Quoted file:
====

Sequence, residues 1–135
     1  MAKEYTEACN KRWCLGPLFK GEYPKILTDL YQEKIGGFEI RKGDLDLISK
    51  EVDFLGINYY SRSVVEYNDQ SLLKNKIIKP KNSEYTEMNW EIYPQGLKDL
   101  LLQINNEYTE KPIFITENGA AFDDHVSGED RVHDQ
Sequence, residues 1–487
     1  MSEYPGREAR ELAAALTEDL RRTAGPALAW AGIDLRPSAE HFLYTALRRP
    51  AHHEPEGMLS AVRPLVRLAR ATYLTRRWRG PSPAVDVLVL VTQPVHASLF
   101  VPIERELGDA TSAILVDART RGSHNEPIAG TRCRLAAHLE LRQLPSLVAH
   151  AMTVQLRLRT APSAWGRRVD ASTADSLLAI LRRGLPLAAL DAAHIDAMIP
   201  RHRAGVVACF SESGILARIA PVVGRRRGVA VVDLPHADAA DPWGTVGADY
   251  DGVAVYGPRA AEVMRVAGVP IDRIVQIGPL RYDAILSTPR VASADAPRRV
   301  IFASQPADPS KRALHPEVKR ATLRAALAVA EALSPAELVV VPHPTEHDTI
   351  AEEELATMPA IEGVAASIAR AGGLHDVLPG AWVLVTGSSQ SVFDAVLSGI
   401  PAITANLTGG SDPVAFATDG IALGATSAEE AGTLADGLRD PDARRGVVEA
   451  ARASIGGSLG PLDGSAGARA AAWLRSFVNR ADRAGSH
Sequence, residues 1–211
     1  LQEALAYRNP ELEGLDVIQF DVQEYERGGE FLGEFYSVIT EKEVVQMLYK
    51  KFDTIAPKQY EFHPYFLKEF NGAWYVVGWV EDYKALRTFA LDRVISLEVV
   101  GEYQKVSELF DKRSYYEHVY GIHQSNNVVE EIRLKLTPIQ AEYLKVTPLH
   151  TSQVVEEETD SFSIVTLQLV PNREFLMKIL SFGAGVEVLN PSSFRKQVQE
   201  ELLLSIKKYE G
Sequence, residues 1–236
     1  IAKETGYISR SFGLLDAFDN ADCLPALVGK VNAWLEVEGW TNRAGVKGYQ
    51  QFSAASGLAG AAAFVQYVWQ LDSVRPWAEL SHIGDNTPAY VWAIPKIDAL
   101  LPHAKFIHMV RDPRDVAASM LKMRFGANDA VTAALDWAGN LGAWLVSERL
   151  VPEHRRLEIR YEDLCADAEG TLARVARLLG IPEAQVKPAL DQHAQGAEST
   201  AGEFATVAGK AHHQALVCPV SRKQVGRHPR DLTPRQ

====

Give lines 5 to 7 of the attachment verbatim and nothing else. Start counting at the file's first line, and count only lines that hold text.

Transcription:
Sequence, residues 1–487
     1  MSEYPGREAR ELAAALTEDL RRTAGPALAW AGIDLRPSAE HFLYTALRRP
    51  AHHEPEGMLS AVRPLVRLAR ATYLTRRWRG PSPAVDVLVL VTQPVHASLF